6 Creative Alternatives To Typical St. Paddy’s Day Happenings
If you’re tired of the same-o’ same-o’ parades, experience these super fun celebrations.
Across America, St. Patrick’s Day generally guarantees a good old-fashioned parade, complete with a grand marshal, a troupe of pipes and drummers and Irish dancing. To fete the Emerald Isle, we dutifully dig out every green piece of clothing, wear groovy four-leaf clover shades and sport leprechaun-style hats, putting our best Irish foot forward. Waving mini Irish flags, we clap and cheer before heading home to eat corned beef. But there’s more going on around the country that reflects creativity and often a wacky sense of humor. The Girlfriend has culled a handful of outside-the-box St. Patrick’s Day traditions that break the mold and let you celebrate in unusual ways.
Celebrate St. Patrick Swayze’s Day. You heard that right.
At Bauhaus Brew Labs in Minneapolis, there’s a penchant for doing things differently. As they put it, “We’re forgoing the green beer this St. Patrick’s Day and instead paying homage to our favorite Patrick, the one and only, Patrick Swayze.” Brilliantly, this brewhouse performs a stellar plot-twist and celebrates all-things-Swayze with specially designed T-shirts and movie selections on a big screen, possibly from such memorable Swayze favorites as Dirty Dancing. It promises to be an entertaining free event and you’ll be equally satisfied with the best-of-the-best Bauhaus beers being poured aplenty.
Record-tall fountain annually goes green after an old wager
The Greening of the Fountain in Fountain Hills, Arizona, was conceived back in 1979 by a group of locals who, over some beers, were quibbling about who was the most “Irish” —and how to prove it. One idea involved a dare to turn the town’s fountain hard-core emerald green and water-ski around it as proof of Irish identity. Though many iterations have ensued, the tradition of greening the fountain lived on and skyrocketed in popularity in part because the fountain at the core of the wager is impressive. It’s one of the tallest fountains in the world, shooting up to as high as 560 feet. At noon on St. Patrick’s Day, in front of a crowd that includes hordes of out-of-towners, the show begins with a loud siren. Dye is added and the fountain spurts a rich emerald green. The event is livestreamed using EarthCam, allowing you to catch the action no matter where you live.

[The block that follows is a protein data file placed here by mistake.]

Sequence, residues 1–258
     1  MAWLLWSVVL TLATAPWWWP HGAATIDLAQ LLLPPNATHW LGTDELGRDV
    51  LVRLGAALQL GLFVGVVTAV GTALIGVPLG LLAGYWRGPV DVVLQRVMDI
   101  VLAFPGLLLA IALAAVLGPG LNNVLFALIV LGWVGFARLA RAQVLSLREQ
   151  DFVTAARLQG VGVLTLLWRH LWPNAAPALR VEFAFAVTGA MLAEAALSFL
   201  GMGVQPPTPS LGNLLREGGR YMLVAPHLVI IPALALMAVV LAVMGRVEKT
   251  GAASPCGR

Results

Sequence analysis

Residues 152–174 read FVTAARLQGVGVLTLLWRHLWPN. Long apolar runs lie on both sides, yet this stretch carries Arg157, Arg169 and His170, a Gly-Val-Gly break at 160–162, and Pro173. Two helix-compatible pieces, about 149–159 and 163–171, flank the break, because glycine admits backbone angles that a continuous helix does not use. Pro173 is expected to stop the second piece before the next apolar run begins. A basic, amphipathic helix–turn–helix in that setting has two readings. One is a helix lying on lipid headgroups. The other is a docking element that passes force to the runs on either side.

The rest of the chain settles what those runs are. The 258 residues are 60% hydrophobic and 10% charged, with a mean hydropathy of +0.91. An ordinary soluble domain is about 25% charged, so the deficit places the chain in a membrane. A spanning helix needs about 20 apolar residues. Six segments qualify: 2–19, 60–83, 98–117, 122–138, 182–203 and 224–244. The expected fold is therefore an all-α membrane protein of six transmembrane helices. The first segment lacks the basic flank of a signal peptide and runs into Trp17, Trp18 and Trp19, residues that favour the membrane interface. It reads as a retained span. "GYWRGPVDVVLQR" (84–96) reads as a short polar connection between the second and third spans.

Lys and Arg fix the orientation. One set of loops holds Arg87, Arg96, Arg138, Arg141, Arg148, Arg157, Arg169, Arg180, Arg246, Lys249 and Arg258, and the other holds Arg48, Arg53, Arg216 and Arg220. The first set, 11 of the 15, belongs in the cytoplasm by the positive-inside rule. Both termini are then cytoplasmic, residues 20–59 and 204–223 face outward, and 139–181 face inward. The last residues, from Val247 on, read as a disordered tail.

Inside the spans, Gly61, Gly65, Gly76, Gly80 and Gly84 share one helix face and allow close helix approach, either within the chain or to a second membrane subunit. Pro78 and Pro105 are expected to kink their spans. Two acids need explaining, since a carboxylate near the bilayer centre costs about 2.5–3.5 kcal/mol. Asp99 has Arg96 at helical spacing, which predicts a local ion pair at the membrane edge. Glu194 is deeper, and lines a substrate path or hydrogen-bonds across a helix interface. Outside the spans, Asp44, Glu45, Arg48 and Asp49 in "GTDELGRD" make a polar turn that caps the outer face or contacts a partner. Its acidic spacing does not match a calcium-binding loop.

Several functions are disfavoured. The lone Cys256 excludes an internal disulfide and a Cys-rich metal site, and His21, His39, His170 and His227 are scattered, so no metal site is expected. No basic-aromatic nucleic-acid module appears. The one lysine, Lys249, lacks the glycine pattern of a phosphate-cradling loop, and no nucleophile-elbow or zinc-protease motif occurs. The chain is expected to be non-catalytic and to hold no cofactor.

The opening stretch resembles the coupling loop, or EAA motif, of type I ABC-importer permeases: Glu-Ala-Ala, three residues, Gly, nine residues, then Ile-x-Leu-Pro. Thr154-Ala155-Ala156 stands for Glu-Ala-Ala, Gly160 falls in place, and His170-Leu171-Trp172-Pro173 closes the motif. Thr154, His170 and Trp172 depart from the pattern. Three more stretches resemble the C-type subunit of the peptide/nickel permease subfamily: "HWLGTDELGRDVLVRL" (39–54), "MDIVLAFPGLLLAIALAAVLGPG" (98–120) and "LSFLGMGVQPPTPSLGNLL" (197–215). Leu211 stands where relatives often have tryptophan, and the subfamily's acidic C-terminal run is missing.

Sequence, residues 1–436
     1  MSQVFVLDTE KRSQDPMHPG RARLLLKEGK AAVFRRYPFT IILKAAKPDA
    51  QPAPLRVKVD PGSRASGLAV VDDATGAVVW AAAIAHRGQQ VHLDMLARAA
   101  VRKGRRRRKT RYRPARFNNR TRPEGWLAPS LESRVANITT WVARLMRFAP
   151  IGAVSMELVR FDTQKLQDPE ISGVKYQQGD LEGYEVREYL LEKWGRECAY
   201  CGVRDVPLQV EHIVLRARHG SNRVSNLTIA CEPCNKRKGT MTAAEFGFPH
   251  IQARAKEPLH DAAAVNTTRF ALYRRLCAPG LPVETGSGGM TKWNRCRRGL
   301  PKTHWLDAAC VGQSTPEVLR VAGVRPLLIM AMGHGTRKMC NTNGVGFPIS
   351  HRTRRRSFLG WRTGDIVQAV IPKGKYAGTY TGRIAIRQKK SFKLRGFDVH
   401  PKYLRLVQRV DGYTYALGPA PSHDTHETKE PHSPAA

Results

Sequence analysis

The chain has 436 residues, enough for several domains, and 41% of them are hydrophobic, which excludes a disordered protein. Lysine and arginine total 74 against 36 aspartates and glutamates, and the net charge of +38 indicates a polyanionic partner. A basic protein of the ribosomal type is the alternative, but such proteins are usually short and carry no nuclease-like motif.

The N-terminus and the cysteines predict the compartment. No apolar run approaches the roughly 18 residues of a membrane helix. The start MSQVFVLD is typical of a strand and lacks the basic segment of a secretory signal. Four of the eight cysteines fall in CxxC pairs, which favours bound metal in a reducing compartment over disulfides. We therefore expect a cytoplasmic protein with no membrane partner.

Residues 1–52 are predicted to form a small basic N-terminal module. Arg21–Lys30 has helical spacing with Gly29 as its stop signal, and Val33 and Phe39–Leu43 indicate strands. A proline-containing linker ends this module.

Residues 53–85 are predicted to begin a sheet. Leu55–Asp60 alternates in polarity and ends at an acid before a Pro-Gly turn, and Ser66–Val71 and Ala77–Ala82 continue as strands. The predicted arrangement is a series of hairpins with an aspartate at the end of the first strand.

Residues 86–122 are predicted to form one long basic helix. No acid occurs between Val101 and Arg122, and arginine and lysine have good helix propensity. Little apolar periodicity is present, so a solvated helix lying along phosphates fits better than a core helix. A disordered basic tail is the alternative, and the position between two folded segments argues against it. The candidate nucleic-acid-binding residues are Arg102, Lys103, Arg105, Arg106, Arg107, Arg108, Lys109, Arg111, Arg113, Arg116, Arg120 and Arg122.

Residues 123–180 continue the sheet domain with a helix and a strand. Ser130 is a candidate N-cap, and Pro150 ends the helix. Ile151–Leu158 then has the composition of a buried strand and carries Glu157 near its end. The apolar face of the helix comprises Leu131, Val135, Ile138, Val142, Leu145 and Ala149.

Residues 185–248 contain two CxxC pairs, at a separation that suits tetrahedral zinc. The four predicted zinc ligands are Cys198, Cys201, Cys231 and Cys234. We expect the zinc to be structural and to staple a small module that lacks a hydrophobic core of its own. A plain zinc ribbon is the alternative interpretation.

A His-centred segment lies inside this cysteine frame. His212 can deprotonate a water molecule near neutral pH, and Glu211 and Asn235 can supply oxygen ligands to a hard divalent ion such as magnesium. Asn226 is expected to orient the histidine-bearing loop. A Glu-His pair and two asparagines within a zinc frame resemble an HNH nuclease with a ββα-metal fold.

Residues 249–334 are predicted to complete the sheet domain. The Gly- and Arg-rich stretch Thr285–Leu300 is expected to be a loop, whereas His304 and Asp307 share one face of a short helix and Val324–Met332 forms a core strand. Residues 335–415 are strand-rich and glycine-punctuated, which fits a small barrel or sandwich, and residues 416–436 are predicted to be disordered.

At this parade, cabbage is tossed into the crowd
Maybe bring a catcher’s mitt to the Irish Channel St. Patrick’s Day Parade in New Orleans, where you could find a cabbage or another vegetable ingredient from a traditional Irish stew come hurtling in your direction. Besides cabbage, over the years carrots, onions and potatoes were launched into the parade crowd though, because of a mishap or two (shhh) that caused some damage, the cabbage is the veggie du jour, very gently lobbed to crowds of onlookers. Irish Channel St. Patrick’s Day Club board member Billy Dietrich said that the parade, started in 1947, was originally intended to serve hungry families who added the veggies to some meat at home for stew. The legendary 4-mile event is slated to happen once again on March 11, 2023, with about 1,400 club members marching in the parade.
Starting at 6 a.m., hear live music all day at this pub — if you can find a seat
On St. Patrick’s Day 2007, Paddy Murphy’s in Bangor, Maine first threw open its doors at 6 a.m. with live music, which continued throughout the day, ending at 1 a.m. The event became an enduring tradition, said owner John Dobbs. Bands come from around the area, composed of local musicians and fiddlers; each has a two- to four-hour slot. The celebration’s popularity has grown to such an extent that Dobbs said you’ll find crowds lining the sidewalk to be ready for the 6 a.m. opening. The family-friendly pub is busy the entire day, with both floors full of revelers singing along, some wearing St. Patrick Day merch. Dobbs says Scotch eggs and corned beef and cabbage are served, among other things. He estimates they sail through eight to 10 kegs of Guinness, 12 to 15 bottles of Jameson and six or seven bottles of Baileys. People love it, he says, and come in from all across the state.
Nature is greener than ever when this waterfall gets a makeover
For 90 years, the Rock City venue atop Lookout Mountain in Chattanooga, Tennessee, has been a natural attraction with its gardens and rock formations. Fifteen years ago it added Shamrock City to its calendar of events. The St. Patrick’s Day celebration, included in the Southeast Tourism Society's top 20 events, features a shamrock-hue waterfall. The High Falls, near the popular spot called Lover's Leap where seven states can be viewed, is treated to a special “greening” process to reflect the holiday. The dye used, called Green Toes, is a commercial temporary dye often used to mark the ground for horticultural and roadside management. Highly concentrated, only a gallon of dye can color the waterfall green. The waterfall generally remains a cheery green until the end of March, allowing the Irish spirit to linger after the holiday.
Chuck metal balls down the street when you sign up to play this Irish game
To fete all things Irish on St. Patrick’s Day, the town of Staunton, Virginia, holds an annual lighthearted bowling competition of the Irish kind at Montgomery Hill Park. Irish Road Bowling involves teams of three or four players who chuck a metal ball down country roads. Literally, that’s about it. No surprise, this is a game more about making friends and having some drinks and laughs together, so anyone can jump in and give it a try. Whether you’re participating in the game or watching, fully embrace the vibe and come dressed in your green duds or Irish-themed costume, per the request of town organizers.
What do you all typically do on St. Patrick's Day? Let us know in the comments below.